Air Raid Warnings in Harpenden

A Cacophany of Unpleasant Sound

A hand-operated air raid siren. Was this kind of siren used in Harpenden?
LHS archives, cat.no. LHS 008700

The structure of Harpenden air raid warnings was quite elaborate.  Top of the list was a ‘red’ warning when all the sirens sounded and you took immediate action.  If enemy aircraft were not imminent but in a neighbouring district, there was a ‘yellow’ warning.  Only the civil defence, police and other authorities were told about this, though Red Cross nurses on call might be summoned.  As systems became more developed there was a third category, a ‘purple’ warning that was less urgent than the other two.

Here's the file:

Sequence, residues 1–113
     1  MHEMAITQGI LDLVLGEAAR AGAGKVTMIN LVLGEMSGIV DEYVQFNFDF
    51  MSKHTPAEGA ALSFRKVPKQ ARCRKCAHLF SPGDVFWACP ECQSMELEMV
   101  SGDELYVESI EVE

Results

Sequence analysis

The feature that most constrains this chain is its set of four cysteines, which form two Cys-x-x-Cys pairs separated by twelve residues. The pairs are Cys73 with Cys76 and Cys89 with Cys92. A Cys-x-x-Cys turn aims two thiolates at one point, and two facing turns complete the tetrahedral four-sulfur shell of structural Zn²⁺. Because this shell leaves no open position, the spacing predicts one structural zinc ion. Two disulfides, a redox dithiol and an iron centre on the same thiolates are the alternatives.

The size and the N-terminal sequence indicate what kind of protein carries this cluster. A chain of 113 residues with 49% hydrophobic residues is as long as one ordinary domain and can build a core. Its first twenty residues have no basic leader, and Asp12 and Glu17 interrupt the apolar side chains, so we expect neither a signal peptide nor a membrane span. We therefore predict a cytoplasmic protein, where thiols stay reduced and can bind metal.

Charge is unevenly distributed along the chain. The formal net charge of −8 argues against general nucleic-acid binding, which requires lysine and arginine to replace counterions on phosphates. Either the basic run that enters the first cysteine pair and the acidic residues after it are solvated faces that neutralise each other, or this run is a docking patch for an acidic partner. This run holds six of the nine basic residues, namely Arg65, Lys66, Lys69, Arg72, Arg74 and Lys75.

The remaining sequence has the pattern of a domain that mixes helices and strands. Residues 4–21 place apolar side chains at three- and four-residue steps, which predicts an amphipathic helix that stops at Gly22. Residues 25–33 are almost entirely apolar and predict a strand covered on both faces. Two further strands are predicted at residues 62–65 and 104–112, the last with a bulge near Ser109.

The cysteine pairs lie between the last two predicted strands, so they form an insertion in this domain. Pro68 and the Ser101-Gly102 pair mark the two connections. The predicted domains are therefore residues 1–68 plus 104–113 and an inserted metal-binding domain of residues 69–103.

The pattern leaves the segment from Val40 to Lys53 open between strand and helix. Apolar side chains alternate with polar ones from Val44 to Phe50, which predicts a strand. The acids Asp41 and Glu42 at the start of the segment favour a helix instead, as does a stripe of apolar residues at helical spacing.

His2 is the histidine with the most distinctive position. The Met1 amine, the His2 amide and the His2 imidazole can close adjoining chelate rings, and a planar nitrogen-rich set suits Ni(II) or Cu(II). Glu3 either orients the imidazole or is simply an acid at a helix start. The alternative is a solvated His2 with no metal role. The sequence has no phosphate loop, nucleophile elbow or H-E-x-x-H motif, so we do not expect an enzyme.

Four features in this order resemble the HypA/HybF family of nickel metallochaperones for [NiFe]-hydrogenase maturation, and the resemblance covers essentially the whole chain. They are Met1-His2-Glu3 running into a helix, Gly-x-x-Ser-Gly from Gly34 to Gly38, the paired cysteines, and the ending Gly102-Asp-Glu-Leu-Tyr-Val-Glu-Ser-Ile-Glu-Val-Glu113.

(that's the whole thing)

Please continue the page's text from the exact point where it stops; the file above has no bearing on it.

Harpenden might have begun the war with wardens like Mr Stretton with his whistle, but very soon a series of sirens was brought into action.  Loudest of all was a siren on the roof of Harris’s, a firm of builders’ merchants at the bottom of Park Hill.  This made a terrible noise, enough to drown conversation if you were out of doors.  The very sound of it was frightening.  Equally loud, but further away, was a similar device in the centre of Harpenden.  In addition there were a series of converted factory hooters, that made threatening noises with varying success.  One of these, based near the Common behind the Silver Cup public house, took its new role badly and became known as ‘Wailing Willie’.  Never designed for the purpose, it would greet each air raid with a sustained series of frantic hoots like a child with whooping cough.

‘All clear’ sounds were nearly beyond its range, and it would warble tremulously in a continuous wail.  Far in the distance the Redbourn siren might be heard on a still day.   At times each seemed to be vying with the others for your attention, in a hideous contest of unpleasant sound.

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